So, instead of packing a mostly naked Cate back into the car, we just waited for Cassie and Zac ... and an outfit.

Friday, September 21, 2007

baby in blue

My baby girl can pull off baby blue ...

At least I think she can!

It's official!

We had our final adoption hearing in court yesterday afternoon. It was an informal formality. We know both our attorney and the family court judge. While addressing Judge Mattingly, I accidentally called him Rob because that's how I know him. And then our attorney, Rick, stopped the formalities one time to take a picture of Cate because she apparently looked especially cute laying on my lap chewing on the stuffed bear that the court clerk gave her.

Then we had friends and family over last night to celebrate Cate. We grilled 32 burgers and only had one left by the time the party was over. My family wasn't able to come -- that's what I get for planning a party on a Thursday night -- so they sent those pretty flowers pictured above.

Wednesday, September 19, 2007

Cate, meet Cereal. Cereal, meet Cate.

We introduced Cate to rice cereal yesterday. After adjusting to eating the thicker substance off a spoon rather than liquid through a bottle, Cate seemed to like it.

I would have taken pictures of her first bite or at least first "food" feeding, but my camera batteries were dead. Yes, batteries. Plural. Both dead. And I couldn't find my charger. Still can't find the charger. The batteries are these special Kodak batteries than only can be charged in the Kodak charger.

So I ordered another charger that happened to be on clearance on I just paid for regular 3-8 business day shipping. Then I borrowed my in-laws' camera. So I took some pictures this morning. Also this morning, I got an e-mail from Kodak saying the battery charger would ship in the next 24 hours. Then this afternoon I had a box from Kodak on my porch.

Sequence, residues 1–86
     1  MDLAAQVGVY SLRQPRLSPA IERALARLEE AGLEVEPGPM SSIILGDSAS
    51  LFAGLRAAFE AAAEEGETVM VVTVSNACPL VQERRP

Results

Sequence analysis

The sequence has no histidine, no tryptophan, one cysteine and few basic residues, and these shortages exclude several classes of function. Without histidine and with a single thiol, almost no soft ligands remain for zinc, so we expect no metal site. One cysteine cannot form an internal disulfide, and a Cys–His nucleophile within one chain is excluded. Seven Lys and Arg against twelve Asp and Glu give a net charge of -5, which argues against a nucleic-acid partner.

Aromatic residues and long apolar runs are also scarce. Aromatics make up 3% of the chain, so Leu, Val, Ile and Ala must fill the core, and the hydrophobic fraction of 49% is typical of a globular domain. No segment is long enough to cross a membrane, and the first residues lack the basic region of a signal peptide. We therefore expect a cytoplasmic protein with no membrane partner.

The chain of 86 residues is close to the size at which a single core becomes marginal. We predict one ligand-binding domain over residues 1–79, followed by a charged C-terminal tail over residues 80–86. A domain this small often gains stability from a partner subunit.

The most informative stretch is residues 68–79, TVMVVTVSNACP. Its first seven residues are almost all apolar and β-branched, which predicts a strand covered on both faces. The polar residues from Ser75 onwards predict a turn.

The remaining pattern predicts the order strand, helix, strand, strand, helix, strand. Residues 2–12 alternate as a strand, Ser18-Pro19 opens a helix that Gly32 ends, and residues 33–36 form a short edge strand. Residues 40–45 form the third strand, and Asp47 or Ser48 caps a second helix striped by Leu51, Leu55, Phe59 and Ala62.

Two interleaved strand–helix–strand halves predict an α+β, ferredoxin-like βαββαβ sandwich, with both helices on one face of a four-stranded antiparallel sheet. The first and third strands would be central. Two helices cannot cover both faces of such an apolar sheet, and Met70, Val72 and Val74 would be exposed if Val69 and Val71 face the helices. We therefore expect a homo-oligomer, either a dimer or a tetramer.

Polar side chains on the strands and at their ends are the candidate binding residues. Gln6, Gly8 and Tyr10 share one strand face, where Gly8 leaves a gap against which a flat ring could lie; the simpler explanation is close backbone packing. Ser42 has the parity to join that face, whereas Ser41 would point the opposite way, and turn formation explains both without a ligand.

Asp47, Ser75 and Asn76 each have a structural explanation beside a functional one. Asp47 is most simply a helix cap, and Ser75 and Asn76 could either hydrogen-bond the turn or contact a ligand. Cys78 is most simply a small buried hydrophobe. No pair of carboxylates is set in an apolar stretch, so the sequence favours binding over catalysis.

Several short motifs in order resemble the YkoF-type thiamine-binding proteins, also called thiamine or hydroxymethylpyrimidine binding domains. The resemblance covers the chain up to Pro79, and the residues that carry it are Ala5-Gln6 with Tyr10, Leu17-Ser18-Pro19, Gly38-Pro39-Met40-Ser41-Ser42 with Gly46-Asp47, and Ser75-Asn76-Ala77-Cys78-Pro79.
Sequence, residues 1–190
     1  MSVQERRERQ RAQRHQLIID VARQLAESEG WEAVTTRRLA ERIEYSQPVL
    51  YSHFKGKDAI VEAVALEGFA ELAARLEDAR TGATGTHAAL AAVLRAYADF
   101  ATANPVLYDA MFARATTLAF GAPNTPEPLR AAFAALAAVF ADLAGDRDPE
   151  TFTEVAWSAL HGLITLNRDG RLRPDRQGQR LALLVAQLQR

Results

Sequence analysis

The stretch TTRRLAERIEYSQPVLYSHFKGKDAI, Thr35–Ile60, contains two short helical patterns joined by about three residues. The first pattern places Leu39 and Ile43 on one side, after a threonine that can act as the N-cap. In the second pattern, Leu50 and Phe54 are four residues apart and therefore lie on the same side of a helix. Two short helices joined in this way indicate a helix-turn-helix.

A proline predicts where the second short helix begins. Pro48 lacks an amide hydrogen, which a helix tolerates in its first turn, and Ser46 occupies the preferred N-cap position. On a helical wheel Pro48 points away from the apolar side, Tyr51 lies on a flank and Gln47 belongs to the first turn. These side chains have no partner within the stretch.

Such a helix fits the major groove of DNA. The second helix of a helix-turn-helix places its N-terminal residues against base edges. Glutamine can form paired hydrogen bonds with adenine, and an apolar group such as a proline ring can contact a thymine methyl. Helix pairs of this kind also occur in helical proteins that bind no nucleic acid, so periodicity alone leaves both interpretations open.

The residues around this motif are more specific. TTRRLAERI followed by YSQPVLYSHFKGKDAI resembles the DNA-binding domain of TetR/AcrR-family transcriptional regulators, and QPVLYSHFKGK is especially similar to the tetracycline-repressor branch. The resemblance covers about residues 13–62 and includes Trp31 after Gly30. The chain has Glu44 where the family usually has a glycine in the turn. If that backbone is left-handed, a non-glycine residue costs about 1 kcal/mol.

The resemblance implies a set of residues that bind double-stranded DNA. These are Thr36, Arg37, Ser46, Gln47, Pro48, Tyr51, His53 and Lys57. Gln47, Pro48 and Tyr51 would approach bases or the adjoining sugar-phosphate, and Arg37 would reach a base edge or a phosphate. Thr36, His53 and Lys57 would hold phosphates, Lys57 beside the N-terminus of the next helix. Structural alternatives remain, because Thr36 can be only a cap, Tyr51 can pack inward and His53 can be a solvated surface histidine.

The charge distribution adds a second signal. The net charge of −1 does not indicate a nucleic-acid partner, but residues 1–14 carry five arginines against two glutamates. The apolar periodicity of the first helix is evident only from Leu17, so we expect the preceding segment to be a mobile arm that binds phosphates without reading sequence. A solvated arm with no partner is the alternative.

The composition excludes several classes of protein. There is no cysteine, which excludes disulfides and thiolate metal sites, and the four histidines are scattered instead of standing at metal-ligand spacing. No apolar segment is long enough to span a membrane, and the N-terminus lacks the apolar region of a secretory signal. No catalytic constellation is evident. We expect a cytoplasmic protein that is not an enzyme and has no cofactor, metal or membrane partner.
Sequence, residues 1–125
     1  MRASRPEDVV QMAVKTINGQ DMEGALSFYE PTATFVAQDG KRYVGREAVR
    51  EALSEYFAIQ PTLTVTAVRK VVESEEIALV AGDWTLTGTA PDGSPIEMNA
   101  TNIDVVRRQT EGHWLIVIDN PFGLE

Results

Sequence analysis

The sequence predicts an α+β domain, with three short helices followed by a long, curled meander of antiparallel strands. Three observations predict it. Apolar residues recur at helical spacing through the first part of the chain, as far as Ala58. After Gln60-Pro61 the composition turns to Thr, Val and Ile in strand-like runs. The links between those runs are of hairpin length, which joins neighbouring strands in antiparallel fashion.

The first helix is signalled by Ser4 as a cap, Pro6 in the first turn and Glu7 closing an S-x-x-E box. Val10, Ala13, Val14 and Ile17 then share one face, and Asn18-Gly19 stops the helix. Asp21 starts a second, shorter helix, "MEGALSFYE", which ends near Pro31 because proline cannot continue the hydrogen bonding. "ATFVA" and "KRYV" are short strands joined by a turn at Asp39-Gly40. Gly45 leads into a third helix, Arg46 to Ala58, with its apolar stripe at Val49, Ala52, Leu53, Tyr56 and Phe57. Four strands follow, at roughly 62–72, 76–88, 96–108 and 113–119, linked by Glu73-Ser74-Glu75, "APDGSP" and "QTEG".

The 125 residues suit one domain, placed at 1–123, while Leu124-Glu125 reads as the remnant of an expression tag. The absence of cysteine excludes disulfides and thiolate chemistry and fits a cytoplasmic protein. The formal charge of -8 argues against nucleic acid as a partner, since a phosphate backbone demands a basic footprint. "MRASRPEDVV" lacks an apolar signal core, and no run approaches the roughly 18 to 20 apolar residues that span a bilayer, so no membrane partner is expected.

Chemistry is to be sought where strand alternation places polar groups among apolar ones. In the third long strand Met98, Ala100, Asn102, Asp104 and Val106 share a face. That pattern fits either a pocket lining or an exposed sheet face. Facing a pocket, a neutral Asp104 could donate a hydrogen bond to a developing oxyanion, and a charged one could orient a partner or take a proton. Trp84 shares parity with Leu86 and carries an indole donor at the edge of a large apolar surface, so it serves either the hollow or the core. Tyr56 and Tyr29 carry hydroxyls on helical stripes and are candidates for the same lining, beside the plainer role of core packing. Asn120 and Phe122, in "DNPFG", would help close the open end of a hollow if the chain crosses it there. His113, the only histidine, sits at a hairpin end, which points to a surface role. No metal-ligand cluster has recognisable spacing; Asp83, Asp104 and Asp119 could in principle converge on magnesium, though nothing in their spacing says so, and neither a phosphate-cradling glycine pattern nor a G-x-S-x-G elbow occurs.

Yep, the charger that I ordered yesterday online arrived today. I really have no idea how that happened.

But I really need an explanation.

So, back to the real point at hand. We introduced cereal to Cate's life. And you can see Day 2 of the experience, thanks to my in-laws camera.

And a comment on the bib: She has one for every day of the week. They came in a pack, courtesy Jaclyn and Bryan. In addition to them being cute, they remind us of a scene from one of our favorite movies.

It's certainly not the MOST memorable restaurant scene from "When Harry Met Sally ..." But in this one, Sally was telling Harry about her break-up with Sheldon.

Sally Albright: Well, if you must know, it was because he was very jealous, and I had these days of the week underpants.
Harry Burns: Ehhhh. I'm sorry. I need the judges ruling on this. "Days of the weeks underpants"?
Sally: Yes. They had the days of the week on them, and I thought they were sort of funny. And then one day Sheldon says to me, "You never wear Sunday." It was all suspicious. Where was Sunday? Where had I left Sunday? And I told him, and he didn't believe me.
Harry: What?
Sally: They don't make Sunday.
Harry: Why not?
Sally: Because of God.

Well, we have a Sunday bib. And I'm sure we'll have to use with the way Cate likes to stick her fingers in her mouth between bites of cereal.

Tuesday, September 18, 2007

Catching up in photos

Being that it's my first week at home with Cate, you'd think I could have blogged earlier. Yeah, not so much. In fact, I started this post Monday and now it's Tuesday morning and I'm just returning to it.

First, I had to turn in my key at work because when I finished Friday evening, everybody else was gone. So I had to lock the door behind myself. Then it was to the grocery. Then home to eat lunch and for Cate to finish her nap she started in Kroger. Then back out to Wal-Mart and the Post Office.

Then when Cate napped again I did get to go through my pictures from the weekend.

First, it was Ethne's second birthday party. That's Greg's brother's daughter for any of you new readers.

Ethne definitely was the princess of the party.

And Cate enjoyed sitting with her great-grandma. (The plastic beaded necklaces were party favors. Appropriate for a princess.)

Then Saturday night Cate got dressed up for the Murray State football game.

It got pleasantly cool out, so Cate had to bundle up in this adorable sweater.

Then Sunday we exposed Cate to more sporing events. This time the St. Louis Cardinals. While a win would have been more enjoyable, the weather was beautiful and we had a good time.

Luke demonstrated the lucky Twizzlers. They weren't exactly lucky, but they tasted good, as Luke can attest!

We took a mini-bus of friends up there, and Cate even wanted to try driving. She and Luke also enjoyed some more time together. Luke affectionately calls her "Date" because that K sound is too much trouble for his 17-month-old mind.